O, Christmas tree

Not exactly a food topic, but if you’re still deliberating about a Christmas tree (real tree? artificial tree? no tree? see what Grist’s Umbra had to say), here are two ideas that are easier than buying a live one that you have to try to plant somewhere:

Norfolk Island pine as Christmas treeMy choice, an idea borrowed from a friend: a live 4-foot Norfolk Island pine. It isn’t native to the temperate zone, but it’s lovely, and makes a fine house plant. The tree, bought from a local independent greenhouse/nursery, cost the same (or less) than a modest-sized "real" Christmas tree. The local chestnut tree farm that used to sell Christmas trees got out of the Christmas tree biz last year.

Meanwhile, a Pinwheel Farm offers this tradition, which it practices after Christmas but would be just as good beforehand. The following is from the Lawrence Sustainability Network‘s newsletter:

Here’s how we keep the spirit of a Christmas Tree without spending money and energy on a disposable, plantation-grown dead tree covered with electric lights, non-recyclable tinsel, and decorations made in China! A longstanding winter tradition at the farm is to gather kids of all ages to help make edible decorations for the birds and decorate the locally-grown fir tree we planted a number of years ago.

4 Responsesto “O, Christmas tree”

  1. Bonnie P. says:

    I’ve read that Christmas tree plantations aren’t “that bad” but it just feels wrong to me to drag a dying tree in your house and then throw it out afterward. Last year I convinced my grandmother to buy a small living tree (photo) and somehow she bought two, then I had to make good on my promise to plant them afterward, which I ended up doing the morning we were leaving. They’re thriving though, and since she lost a lot of her pines in Hurricane Ivan, they’re nice to have.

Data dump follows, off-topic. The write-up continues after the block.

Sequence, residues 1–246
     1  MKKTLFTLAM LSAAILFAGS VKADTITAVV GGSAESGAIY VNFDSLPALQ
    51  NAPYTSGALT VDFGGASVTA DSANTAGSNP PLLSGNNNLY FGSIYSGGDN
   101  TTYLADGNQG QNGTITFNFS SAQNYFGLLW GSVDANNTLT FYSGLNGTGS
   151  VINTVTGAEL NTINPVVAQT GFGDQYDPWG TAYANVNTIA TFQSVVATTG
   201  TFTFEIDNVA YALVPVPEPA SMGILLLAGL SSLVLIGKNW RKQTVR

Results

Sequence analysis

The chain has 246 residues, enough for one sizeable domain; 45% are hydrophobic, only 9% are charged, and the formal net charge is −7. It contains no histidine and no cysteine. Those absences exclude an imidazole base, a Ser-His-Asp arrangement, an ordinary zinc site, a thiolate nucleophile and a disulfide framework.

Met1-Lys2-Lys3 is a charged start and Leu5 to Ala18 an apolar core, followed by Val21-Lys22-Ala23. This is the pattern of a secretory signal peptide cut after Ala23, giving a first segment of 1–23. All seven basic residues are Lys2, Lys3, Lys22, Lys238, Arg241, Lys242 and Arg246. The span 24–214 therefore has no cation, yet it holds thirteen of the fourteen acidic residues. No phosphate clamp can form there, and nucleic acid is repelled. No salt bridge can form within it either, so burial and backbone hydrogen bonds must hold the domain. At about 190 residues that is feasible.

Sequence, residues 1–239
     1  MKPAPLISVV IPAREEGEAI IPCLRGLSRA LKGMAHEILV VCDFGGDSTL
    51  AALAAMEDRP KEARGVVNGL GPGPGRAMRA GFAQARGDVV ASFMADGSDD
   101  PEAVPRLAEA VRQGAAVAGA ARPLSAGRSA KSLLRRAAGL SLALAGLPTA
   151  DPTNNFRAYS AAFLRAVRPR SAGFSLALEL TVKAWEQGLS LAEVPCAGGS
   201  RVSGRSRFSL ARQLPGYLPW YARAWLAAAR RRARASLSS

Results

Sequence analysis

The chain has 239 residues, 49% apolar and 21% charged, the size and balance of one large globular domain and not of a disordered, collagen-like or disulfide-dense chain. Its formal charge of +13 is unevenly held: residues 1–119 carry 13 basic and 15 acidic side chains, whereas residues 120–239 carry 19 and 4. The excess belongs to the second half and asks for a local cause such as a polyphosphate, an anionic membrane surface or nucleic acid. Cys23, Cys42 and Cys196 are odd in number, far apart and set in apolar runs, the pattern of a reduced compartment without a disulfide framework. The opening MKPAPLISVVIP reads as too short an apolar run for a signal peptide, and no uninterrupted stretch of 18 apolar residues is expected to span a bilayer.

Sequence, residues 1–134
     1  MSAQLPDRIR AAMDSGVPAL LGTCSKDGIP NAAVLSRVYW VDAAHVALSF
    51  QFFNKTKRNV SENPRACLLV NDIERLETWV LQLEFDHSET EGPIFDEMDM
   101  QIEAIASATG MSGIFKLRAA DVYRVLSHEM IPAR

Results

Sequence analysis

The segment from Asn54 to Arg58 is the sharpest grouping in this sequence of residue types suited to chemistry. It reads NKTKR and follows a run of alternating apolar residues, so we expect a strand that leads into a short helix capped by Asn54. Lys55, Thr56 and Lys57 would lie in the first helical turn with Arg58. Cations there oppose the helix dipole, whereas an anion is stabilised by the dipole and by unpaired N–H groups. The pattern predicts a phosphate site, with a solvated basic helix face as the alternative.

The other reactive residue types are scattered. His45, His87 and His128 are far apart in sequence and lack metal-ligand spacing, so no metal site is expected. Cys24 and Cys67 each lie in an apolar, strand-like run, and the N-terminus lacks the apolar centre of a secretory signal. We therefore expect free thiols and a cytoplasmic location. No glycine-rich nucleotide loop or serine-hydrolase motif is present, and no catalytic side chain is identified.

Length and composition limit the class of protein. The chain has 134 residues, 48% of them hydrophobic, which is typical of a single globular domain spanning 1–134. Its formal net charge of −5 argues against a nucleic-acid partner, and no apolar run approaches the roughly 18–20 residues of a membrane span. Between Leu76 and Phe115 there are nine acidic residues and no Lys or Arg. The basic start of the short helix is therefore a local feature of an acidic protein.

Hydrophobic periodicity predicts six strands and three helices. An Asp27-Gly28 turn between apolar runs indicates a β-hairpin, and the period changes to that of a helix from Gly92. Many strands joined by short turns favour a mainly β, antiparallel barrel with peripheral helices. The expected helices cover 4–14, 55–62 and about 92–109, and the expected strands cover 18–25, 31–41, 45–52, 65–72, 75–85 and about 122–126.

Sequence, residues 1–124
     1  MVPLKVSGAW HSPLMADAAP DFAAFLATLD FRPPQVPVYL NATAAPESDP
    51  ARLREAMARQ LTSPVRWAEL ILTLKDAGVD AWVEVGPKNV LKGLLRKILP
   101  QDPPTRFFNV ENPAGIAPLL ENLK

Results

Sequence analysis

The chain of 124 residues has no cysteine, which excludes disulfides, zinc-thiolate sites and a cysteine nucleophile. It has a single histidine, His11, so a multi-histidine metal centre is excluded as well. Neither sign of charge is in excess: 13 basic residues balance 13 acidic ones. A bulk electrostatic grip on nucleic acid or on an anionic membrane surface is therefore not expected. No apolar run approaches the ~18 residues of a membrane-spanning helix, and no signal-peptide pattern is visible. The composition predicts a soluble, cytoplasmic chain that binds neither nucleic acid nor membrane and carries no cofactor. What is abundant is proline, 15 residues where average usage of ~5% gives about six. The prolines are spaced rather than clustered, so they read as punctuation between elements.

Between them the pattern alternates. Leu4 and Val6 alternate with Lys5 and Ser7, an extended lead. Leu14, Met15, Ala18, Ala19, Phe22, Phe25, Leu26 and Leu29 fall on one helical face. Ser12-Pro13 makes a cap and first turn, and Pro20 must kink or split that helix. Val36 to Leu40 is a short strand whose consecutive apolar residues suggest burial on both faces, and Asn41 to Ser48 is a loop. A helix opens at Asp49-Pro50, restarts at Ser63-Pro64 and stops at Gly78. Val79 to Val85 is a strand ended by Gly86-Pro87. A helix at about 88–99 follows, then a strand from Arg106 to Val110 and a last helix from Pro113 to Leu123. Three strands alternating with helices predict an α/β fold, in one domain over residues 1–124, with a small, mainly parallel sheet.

At home, we have had a “Christmas ficus” since 2000. This plant is so enormous, it is 6 feet tall and about 5 feet wide — it came with the place when we bought it, because no one wanted to move it. I put little lights on it and a few years ago I decided it was too much trouble to take them off — they are unobtrusive enough to stay on there year round, and I just put ornaments on and plug it in after Thanksgiving. It’s a little Charlie Brown but I like it.

  2. Jenni P says:

    One thing Umbra didn’t mention is that it’s easy for Seattlelites to get — and get rid of — a living tree.

    Swanson’s, a Seattle nursery, offers native varieties that you can donate to be planted near a local stream to aid in salmon recovery. You have to pay for the tree and for delivery both ways, so it’s costly. But you get to have a tree that looks and smells like Christmas without leaving a sad dead tree on the curb afterwards. (Though if you go that route, trees left curbside with your yard waste will be turned into compost.)

  3. Janet says:

    Actually, it’s possible here in Lawrence to do a totally local thing. There is at least one Christmas tree farm still in operation locally, and the city uses the dead trees for wildlife habitat. Still, I like the idea of not killing a tree.

  4. Julie says:

    Similar to your idea to get a Norfolk pine, Australians can get Wollemi pines instead. They’re an endangered species that they’re trying to re-introduce. They can be potted, or planted in your garden.

    Oh – I’ve just looked again at the site and it looks like you can get them in a lot more places than I realised: http://www.wollemipine.com/global.php